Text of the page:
May 17, 2018 / All Stories

The Mysterious World of Glycans

Scientists are studying the complex sugars that can both help and hurt our health.

High School Biology

The images in your high school biology book were wrong: contrary to popular belief, the outer edges of our cells aren’t smooth at all. Zoom in with a microscope and you’ll see that our cells’ surfaces look more like a dense forest.

The "trees” in this forest are complex sugars called glycans, which play a vital role in keeping us healthy. Glycans are actually the reason you have a blood “type;" in the 1950s, researchers discovered that the sugars exposed on the surface of red blood cells determined which blood type they belonged to. Before this discovery, if you were given an infusion of a different blood type, the immune system would consider that blood foreign and do what immune systems do – attack. Discovering how glycans created fundamental changes in blood helped make medicine safer.

Missing the Forest for the Trees

But glycans aren’t always the good guys. These sugars are also complicit in most major diseases including cancer and autoimmune diseases. This dual nature makes glycans complex to understand, and they haven’t been under the scientific spotlight like proteins or DNA.

“Glycans are essential to almost every biological process in the body and yet they remain a mystery to many scientists,” said Gerard Fox, vice president, discovery, AbbVie. “If we dive deeper into the structure and role of these molecules, we may be able to better understand both the cause and treatments needed to overcome some of the world’s most vexing diseases.”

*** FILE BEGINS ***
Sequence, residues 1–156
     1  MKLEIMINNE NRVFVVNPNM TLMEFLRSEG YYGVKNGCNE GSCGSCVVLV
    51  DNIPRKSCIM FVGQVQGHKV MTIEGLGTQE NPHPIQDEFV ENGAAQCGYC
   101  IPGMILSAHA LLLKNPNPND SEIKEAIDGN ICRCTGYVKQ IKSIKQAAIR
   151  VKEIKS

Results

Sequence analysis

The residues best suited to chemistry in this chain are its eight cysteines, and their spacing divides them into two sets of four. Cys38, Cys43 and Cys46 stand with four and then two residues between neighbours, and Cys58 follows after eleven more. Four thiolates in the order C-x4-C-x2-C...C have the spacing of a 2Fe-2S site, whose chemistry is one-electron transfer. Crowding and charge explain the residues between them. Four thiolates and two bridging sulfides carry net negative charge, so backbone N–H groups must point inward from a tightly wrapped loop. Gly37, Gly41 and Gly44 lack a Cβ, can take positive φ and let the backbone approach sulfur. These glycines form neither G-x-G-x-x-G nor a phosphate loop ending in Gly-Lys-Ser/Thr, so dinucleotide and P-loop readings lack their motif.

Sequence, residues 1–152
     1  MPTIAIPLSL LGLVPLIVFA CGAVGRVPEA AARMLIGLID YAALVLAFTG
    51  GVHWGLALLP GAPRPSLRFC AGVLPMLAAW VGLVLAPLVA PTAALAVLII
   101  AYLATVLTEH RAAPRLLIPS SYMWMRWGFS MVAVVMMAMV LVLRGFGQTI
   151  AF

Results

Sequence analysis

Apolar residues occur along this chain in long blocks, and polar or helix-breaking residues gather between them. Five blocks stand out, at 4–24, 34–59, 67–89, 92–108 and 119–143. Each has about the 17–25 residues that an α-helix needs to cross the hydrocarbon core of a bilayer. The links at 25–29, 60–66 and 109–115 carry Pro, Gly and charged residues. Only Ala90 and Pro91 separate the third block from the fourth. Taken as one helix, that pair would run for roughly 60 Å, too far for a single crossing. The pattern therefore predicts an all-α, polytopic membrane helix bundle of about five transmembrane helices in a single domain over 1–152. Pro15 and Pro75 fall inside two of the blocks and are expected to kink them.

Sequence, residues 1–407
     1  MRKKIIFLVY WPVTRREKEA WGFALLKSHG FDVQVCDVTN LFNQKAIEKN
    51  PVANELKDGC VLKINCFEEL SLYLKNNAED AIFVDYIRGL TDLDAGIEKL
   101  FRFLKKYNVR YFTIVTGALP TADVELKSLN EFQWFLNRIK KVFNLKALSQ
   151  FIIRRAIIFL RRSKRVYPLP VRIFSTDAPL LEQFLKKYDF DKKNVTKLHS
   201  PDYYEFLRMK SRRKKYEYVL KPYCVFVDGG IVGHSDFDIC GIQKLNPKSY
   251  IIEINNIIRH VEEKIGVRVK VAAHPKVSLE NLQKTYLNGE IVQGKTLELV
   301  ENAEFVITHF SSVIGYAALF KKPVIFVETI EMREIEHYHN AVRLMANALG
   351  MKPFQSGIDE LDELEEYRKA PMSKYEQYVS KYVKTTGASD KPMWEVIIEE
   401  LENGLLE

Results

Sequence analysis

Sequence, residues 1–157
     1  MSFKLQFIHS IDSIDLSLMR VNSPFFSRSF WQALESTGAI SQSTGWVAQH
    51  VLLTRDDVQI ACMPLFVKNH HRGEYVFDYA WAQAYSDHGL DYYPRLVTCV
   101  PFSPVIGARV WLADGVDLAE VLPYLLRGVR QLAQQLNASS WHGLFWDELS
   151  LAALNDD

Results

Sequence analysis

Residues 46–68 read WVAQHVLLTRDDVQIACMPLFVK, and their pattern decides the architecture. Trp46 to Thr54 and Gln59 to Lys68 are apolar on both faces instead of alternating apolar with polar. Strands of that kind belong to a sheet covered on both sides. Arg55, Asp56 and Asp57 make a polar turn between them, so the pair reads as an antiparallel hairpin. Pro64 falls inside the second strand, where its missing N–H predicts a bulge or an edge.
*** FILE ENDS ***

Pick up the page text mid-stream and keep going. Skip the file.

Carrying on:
Glycans Get Their Time in the Sun (Or Under the Microscope)

As we’re learning more about the essential role of glycans to our biologic processes, scientists are now pointing their microscopes to these fascinating sugars and their mysterious potential.

Scientists have known for a while that glycans have a special relationship with the immune system. When you have the flu, the virus attaches itself to specific glycans on a cell’s surface, and then moves on to infect that cell. In cancer, the glycan coat often changes making these cancer cells invisible to the immune cells.

But what if scientists could figure out a way to stop the flu virus from latching on to glycans? Or help the immune system ignore the glycan camouflage of cancer and encourage them to refocus on destroying the cancer cells? Research is striving to achieve this goal, but the first step is getting better acquainted with glycans, and understanding what makes them tick.

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